The entire battle takes place on a 3-D isometric battlefield where you can roam freely throughout the battle. The battle system really gives you a lot to do, while at the same time making the game feel a bit more action-oriented than the typical jRPG usually does, so I was intrigued and excited to try it out. It took a little getting used to, but once it clicked, I was quite impressed with the whole system and its design.
What’s Your Specialty?
On top of the active battle system, you also earn skill points upon leveling up in battle, which can be used to level up different skill sets. This, in turn, will help you learn special skills, and even group skills; for example: leveling up the Knife, Recipe, and Good Eye skills will, in addition to improving some other stats, also level up your cooking ability. This means that, when you cook ingredients to make food, the higher your cooking level, the better the effects of the food you make while using this skill. Each character can learn all of the same skills, but each character also has a natural affinity for certain skills, be it Roddick’s natural talent for cooking, or Ilia’s innate talent for playing a musical instrument, so it is good to level up skills wisely throughout your party.
You also gain new techniques as you level up, which can be programmed as technique shortcuts using the L and R buttons to trigger these abilities during battle. These are the MP-consuming abilities I mentioned earlier, and they are quite useful during tough battles, but since they do consume MP (sometimes very quickly) it is important to use these techniques sparingly if you are deep into a dungeon with no save point in sight—which is often, as the game is not generous with mid-dungeon save points.
Skills for the Birds
The dungeons often become a war of attrition, and you will often use up most of your MP-recovering items first. There is, however, a skill for that. You can use your Survival skill to search for items that can be used for recovery or for cooking, or you can use your Familiar skill to send a bird to the store for some supplies—if the bird likes you enough to help you out, that is! There are just simply loads of different skills, abilities, and techniques at your disposal that allow for a very customizable strategy, but while there are so many available variables to use, it didn’t really feel overwhelming like some RPGs tend to do, as each of the skills has a very specific—any quite useful—function in Star Ocean. The lack of hand-holding was appreciated as well, because this game has a very intuitive and organic-feeling system that really is a lot of fun to figure out on your own, while at the same time not being overly difficult to decipher.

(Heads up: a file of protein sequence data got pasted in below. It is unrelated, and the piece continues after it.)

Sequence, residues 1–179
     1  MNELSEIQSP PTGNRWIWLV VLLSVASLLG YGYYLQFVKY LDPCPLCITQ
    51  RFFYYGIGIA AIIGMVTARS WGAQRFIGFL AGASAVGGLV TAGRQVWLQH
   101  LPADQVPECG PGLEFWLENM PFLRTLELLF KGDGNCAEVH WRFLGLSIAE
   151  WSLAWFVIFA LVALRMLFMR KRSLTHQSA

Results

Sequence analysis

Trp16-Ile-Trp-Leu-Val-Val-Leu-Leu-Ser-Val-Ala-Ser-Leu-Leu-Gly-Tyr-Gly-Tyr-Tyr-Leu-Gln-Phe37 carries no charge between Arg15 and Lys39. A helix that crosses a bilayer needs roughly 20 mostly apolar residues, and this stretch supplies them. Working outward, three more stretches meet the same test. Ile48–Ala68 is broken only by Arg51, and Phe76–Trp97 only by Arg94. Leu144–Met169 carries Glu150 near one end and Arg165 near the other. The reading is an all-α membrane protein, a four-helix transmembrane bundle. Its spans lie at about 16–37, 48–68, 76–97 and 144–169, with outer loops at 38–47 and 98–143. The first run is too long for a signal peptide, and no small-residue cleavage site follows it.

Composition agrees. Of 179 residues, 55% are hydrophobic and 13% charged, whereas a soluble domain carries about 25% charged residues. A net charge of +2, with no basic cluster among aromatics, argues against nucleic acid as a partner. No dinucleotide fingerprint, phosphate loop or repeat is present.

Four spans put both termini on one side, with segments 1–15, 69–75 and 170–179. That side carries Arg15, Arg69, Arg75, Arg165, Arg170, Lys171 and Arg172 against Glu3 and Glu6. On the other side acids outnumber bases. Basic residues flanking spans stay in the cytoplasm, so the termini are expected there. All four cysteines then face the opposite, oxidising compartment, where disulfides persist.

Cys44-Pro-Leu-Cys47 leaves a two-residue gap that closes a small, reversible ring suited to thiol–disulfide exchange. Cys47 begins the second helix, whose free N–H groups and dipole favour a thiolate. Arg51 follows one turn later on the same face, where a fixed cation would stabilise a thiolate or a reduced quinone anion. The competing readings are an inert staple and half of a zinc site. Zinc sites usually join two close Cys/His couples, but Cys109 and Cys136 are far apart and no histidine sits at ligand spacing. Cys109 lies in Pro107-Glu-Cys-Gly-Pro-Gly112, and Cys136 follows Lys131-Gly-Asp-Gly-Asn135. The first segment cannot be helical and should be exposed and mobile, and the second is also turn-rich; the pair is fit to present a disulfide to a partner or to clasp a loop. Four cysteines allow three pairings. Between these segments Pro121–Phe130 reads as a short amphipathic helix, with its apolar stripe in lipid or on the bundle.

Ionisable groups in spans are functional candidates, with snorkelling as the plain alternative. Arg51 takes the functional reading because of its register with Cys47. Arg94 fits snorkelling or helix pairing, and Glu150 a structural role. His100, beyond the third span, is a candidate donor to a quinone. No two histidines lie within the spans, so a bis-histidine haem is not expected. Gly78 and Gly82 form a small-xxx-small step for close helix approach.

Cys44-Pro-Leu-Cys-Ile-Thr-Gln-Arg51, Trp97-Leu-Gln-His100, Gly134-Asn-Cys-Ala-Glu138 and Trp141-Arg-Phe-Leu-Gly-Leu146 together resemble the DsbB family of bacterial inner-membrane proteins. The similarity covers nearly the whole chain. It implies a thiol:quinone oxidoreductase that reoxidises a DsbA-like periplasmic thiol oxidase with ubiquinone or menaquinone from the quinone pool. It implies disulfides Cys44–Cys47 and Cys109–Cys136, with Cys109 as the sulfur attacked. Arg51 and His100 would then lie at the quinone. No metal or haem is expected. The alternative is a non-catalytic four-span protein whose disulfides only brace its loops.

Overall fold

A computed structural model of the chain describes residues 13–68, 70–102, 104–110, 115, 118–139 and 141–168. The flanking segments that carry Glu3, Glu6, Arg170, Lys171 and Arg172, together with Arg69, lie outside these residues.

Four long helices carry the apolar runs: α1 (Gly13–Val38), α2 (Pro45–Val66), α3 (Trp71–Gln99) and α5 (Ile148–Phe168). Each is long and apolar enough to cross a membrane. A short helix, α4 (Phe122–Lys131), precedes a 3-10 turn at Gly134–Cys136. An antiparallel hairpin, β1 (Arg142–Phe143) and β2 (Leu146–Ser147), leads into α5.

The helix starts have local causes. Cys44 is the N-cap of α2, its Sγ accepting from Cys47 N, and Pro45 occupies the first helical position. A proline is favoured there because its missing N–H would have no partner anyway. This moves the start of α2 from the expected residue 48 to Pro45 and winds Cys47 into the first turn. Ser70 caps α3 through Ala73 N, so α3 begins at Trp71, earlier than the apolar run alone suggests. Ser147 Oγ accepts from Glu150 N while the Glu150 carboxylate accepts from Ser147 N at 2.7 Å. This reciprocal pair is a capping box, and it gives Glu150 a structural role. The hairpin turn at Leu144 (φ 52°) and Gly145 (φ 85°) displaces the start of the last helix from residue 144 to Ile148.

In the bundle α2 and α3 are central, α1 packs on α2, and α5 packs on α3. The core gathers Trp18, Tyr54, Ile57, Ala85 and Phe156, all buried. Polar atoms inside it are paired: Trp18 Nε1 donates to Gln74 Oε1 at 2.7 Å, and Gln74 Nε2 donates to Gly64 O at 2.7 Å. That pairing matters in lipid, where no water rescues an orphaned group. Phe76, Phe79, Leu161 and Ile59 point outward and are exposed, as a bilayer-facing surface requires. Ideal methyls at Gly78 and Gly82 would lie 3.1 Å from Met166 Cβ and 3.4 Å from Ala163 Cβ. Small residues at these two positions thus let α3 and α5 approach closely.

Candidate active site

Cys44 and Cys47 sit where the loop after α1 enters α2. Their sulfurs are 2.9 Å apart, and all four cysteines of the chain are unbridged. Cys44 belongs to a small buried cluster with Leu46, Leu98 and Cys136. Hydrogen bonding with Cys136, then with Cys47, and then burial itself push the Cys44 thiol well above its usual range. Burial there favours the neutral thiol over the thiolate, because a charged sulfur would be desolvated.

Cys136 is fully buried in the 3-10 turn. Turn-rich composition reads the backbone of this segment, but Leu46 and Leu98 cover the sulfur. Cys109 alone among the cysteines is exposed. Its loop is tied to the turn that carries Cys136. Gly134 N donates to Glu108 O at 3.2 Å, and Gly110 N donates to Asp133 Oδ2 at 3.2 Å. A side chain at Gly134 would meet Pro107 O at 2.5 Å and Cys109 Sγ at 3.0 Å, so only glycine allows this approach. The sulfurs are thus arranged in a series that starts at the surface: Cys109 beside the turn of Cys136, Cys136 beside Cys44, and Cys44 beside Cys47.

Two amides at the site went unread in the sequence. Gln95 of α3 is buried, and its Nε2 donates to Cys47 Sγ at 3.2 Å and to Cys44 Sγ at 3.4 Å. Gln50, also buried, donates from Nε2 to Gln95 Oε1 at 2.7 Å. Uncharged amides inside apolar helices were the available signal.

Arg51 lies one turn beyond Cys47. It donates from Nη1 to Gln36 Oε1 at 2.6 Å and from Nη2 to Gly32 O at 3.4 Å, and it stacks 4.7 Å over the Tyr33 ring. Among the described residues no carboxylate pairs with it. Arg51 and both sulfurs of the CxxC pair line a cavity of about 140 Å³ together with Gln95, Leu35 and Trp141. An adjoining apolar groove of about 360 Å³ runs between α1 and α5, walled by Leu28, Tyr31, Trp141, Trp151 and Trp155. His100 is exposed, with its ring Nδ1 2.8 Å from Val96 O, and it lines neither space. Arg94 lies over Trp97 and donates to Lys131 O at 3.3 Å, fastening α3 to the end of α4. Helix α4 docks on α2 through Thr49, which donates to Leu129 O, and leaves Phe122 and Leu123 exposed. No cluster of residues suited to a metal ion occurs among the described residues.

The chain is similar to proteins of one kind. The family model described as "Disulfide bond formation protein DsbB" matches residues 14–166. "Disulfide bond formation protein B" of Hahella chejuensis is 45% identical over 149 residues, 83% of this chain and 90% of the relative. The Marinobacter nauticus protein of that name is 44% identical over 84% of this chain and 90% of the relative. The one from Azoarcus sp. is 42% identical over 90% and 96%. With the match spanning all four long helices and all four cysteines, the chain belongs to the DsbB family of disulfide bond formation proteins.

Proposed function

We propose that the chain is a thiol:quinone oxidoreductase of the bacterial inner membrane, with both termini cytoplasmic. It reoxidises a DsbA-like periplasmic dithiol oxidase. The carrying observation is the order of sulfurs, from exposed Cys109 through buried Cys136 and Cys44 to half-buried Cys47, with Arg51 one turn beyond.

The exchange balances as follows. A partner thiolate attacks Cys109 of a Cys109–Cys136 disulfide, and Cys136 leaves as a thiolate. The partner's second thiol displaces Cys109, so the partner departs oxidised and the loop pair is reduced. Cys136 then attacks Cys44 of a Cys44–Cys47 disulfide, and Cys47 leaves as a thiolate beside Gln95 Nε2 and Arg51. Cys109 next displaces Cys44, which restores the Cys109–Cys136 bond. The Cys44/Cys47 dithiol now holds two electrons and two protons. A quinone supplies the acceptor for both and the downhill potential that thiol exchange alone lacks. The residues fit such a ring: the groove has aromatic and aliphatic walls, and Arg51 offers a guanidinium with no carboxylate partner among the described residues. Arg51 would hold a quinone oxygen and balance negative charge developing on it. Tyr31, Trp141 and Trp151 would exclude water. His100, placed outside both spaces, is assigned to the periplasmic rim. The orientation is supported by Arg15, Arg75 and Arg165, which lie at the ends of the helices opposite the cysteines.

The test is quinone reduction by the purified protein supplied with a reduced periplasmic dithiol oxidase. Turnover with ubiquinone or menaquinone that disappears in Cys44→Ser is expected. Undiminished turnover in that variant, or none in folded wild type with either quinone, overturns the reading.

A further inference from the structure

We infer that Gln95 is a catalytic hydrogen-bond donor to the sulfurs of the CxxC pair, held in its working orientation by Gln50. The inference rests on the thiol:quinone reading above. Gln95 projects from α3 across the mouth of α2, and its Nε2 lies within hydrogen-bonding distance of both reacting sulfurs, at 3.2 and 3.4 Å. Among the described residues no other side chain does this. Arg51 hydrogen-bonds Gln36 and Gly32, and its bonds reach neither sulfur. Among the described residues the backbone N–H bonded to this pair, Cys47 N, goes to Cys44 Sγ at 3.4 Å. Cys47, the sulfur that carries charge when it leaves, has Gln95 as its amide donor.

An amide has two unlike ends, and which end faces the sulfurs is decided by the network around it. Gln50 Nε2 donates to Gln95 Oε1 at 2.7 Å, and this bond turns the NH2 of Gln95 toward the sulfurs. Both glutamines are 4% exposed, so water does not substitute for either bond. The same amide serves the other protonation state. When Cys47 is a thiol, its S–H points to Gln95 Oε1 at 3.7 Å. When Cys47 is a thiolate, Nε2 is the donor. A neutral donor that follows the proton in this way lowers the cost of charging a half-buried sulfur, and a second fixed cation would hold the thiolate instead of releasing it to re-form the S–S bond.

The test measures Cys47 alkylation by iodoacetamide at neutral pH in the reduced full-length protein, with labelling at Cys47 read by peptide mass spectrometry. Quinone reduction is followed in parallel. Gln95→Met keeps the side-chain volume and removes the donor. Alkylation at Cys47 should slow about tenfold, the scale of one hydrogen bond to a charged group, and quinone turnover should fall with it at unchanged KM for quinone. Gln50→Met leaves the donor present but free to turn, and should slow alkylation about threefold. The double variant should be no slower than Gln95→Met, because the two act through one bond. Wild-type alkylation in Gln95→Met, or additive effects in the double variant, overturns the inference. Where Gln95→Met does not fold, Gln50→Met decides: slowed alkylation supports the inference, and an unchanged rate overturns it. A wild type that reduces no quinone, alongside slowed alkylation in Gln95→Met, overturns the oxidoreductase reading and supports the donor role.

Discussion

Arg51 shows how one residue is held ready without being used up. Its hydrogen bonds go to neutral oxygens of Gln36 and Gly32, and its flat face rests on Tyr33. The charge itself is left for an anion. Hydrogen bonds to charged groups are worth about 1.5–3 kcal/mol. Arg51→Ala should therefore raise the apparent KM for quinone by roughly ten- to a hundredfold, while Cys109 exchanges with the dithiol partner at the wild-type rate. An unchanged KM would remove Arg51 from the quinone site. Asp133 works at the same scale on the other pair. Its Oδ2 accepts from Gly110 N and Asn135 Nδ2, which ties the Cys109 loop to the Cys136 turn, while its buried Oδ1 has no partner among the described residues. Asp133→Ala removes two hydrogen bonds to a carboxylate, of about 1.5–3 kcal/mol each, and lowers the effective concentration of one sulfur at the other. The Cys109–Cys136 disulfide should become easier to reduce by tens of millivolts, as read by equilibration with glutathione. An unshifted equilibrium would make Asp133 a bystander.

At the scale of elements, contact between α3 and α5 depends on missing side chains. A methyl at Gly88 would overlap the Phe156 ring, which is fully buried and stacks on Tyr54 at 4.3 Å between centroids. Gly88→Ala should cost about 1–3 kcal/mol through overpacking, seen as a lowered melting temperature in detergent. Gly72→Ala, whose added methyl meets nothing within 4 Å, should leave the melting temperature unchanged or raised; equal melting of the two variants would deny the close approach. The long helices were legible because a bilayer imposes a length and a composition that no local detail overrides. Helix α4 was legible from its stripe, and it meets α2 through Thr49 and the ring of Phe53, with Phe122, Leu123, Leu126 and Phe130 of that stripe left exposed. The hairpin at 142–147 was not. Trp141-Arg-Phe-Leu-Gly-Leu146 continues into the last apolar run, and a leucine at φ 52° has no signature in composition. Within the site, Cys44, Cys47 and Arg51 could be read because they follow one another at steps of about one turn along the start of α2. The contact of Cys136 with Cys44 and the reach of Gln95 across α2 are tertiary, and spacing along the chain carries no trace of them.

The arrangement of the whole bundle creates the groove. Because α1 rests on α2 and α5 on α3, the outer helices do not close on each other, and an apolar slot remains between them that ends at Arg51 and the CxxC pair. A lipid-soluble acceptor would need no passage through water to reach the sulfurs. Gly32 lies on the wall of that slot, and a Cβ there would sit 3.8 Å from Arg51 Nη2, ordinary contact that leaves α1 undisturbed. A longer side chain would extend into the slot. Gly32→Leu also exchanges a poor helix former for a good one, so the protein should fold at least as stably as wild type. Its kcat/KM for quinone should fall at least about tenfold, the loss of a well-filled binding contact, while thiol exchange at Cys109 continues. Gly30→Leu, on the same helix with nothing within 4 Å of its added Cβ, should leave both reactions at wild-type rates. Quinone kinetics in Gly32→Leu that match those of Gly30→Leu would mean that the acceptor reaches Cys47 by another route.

Audio & Video
I mentioned earlier that the graphics were already pushing the limits of the Super Famicom when Star Ocean was originally released, and the PSP release was an enhanced remake. First Departure R takes these enhancements a step further and gives the game an HD makeover. The graphics are beautifully done, and really are a shining example of how gorgeous pixels can really be when done correctly. The different perspectives and overhead distances give a lot of depth to the world of Star Ocean: First Departure R, and it makes me kind of sad that I never got to experience this game as a kid—but then I remember that I get to experience this version of the game for my first ever encounter with the series, and I feel better about that.
The soundtrack is also strong, and sound effects as well, but where this game really shines is with the voice acting. Almost all of the main story dialogue is fully voiced, and the actors really did an excellent job. Each character is voiced extremely well, and it just gives the game that extra little bit of warmth that really brings you that much further into the story.
Wrapping Up, or Just Getting Started?
I am truly excited to have gotten to review Star Ocean: First Departure R, and I now need to play all of the other Star Ocean games that have eluded me for all of these years. If you even remotely like a good jRPG, then you should check this one out. If you like a good action-RPG, then you definitely need this in your collection. It’s an amazing game with just the right amount of difficulty to keep you in it, without making you want to destroy your controller in the process—although I have had a few moments where I had to walk away and try again later, just in case! Go to the eShop and get this game right now!
Buy Star Ocean: First Departure R from the Nintendo Switch eShop here.
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*A game code was provided for review purposes.